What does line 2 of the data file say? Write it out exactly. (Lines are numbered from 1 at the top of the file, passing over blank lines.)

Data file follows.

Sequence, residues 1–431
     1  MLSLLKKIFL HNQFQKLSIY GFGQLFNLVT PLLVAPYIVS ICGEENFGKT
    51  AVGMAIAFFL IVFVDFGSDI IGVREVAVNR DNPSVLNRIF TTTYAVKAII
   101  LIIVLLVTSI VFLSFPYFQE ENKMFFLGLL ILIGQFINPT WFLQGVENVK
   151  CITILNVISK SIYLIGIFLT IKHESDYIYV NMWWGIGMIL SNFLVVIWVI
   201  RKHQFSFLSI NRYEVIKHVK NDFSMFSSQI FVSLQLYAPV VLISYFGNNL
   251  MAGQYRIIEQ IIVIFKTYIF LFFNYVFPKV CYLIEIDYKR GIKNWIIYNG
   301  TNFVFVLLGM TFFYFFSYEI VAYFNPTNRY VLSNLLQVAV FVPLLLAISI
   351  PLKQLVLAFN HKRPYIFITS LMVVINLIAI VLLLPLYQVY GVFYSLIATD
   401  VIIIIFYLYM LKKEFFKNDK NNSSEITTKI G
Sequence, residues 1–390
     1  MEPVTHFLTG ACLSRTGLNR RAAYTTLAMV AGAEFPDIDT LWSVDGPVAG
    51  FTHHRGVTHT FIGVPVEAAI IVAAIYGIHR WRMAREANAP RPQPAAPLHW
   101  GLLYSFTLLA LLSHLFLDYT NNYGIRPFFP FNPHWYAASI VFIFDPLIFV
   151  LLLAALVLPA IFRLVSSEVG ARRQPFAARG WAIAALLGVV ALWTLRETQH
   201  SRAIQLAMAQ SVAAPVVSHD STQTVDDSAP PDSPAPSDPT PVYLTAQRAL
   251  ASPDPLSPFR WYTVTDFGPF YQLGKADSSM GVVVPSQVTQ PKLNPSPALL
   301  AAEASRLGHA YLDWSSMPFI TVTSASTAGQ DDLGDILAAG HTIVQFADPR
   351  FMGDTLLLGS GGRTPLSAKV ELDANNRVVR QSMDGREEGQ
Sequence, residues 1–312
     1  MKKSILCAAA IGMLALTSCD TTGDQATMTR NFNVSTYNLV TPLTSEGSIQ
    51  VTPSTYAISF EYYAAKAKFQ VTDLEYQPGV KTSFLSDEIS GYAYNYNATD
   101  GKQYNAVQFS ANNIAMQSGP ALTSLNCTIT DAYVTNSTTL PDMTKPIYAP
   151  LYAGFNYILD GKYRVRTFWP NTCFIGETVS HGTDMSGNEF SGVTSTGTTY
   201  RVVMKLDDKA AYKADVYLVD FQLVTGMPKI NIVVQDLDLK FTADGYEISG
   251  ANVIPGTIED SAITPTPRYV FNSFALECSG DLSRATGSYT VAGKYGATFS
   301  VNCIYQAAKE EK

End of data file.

     1  MLSLLKKIFL HNQFQKLSIY GFGQLFNLVT PLLVAPYIVS ICGEENFGKT